hatsoff to your creativity. Keep it up :)
arvindiyer said…
Heyyyyyyyyyyyy!!! Great to see you again in my world. A very Happy New Year to you too.. hope you get everything that you want this year.

Interesting read as always.
der Bergwind said…
HI...

thanks for the fleeting glance n the generous comment :)
i always start off writing a story n then get lost in all the things i wanna say.. they grow too long n too heavy for anyone to assimilate.. n here i saw how its really done.. subtle yet detailed... lots of images generated n a nice lil story... aint a judge but loved this one..
Jay said…
Hey!

That was a surprise .... [:)]. I am good .. how are you?
Canary said…
@unknown
Terrorist!! I never said that! this is fishy? :P

@arvind
Welcome to you too! :)

@der bergwind
Thats a generous comment again! *bows and thanks*

@jay
me gud me gud! :)
Thinking aloud said…
hey..that was a good read...its been some time...:)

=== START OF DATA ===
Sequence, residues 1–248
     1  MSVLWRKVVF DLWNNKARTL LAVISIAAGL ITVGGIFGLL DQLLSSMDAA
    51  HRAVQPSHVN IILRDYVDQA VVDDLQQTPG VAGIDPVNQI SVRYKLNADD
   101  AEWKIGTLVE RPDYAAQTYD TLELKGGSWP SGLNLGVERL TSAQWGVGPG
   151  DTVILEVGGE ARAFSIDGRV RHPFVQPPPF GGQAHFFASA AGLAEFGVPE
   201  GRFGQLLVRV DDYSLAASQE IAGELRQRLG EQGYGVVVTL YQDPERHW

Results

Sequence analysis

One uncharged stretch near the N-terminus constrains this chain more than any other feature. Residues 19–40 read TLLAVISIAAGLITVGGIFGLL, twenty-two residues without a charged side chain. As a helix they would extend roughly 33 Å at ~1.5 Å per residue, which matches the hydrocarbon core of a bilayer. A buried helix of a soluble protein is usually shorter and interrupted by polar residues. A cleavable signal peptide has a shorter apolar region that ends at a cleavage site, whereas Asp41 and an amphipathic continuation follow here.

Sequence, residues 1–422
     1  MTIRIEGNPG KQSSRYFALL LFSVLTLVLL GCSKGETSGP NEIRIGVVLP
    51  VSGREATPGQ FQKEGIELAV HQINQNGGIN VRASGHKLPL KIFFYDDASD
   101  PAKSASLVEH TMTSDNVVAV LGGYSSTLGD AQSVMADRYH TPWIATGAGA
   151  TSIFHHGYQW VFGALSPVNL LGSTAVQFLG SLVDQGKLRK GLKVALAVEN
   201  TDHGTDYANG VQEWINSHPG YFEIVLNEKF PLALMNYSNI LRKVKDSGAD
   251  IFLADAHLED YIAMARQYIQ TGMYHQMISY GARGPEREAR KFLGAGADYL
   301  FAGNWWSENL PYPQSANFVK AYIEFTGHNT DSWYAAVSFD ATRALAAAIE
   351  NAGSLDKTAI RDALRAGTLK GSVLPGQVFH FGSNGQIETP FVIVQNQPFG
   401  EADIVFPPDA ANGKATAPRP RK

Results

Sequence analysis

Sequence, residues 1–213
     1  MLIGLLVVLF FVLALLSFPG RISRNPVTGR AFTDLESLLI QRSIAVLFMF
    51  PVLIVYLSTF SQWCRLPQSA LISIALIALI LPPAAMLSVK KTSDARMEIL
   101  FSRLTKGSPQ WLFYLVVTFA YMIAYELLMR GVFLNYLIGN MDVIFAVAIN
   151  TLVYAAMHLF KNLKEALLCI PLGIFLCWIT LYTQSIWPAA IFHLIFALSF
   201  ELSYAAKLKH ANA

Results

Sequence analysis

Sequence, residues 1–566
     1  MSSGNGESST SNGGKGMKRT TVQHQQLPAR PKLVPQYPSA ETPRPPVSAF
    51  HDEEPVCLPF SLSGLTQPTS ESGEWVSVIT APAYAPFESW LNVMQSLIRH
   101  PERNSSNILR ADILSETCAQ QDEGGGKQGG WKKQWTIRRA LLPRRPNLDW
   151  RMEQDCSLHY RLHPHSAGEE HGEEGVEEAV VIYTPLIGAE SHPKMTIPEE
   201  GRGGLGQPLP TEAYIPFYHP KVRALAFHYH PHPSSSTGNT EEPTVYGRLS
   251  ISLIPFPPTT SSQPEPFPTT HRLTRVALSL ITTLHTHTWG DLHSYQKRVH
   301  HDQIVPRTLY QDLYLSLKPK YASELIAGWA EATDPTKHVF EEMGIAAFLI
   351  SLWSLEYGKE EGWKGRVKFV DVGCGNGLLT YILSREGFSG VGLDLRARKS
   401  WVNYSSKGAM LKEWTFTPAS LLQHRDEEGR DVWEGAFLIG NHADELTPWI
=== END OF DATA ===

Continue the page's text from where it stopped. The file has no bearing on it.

Endevourme said…
“The monk who sold his Ferrari”, quite a piece of junk, if you ask me. Misuse of the Indian brand to sell some boring philosophy. Seems to be the ‘in’ thing to do.
hehe luved that one, i too feel the same :D
i think i like 'fountainhead' havent read 'atlas' tho..but dont u think its too black and white?
anyways...sorry fr the biggg coment..
Canary said…
@thinking
oh yes, long time! thanks for dropping by again.. :)

@endevourme
Thanks for dropping by my blog :)
I've read Atlas and Fountainhead, loved both for their treatment, but how come you have posted comments for one of my older posts here? :|
Cynthia said…
I thoroughly enjoyed that.
Abhinav said…
Awesome words ... thanks for dropping by :) will update there soon
manuscrypts said…
we keep postponing that decision, dont we? sometimes, by the time we are ready, there's nothing to go back to...
nice to see you back... :)
Still Searching said…
Familiar story for all those who have left "home" and moved to different cities to pursue their dreams... Very nicely captured!
Canary said…
@cynthia
Thanks a ton!

@abhinav
thanks for dropping by you too :)

@manuscrypts
very well said, nothingto go back to... :)

@still searching
thanks again :P
boogers said…
another enjoyable read. oh,,and a belated happy new year :)
Sophie said…
thanks a lot for coming to my space...and a very nice read here..will sure come back for more